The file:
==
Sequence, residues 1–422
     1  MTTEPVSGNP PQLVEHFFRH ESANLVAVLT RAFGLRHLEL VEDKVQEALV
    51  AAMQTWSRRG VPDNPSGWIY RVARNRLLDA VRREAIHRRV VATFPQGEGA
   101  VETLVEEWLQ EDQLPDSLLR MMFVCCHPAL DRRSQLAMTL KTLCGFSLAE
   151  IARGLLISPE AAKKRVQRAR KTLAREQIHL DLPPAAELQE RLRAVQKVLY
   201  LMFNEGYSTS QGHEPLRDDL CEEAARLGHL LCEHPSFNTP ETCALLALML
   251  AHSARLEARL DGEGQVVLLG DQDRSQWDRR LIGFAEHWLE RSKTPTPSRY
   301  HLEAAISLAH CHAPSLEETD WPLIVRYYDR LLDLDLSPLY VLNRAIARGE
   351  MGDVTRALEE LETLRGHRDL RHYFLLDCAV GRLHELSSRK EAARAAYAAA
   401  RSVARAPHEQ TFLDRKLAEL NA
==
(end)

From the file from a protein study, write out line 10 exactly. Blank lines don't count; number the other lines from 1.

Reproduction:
   401  RSVARAPHEQ TFLDRKLAEL NA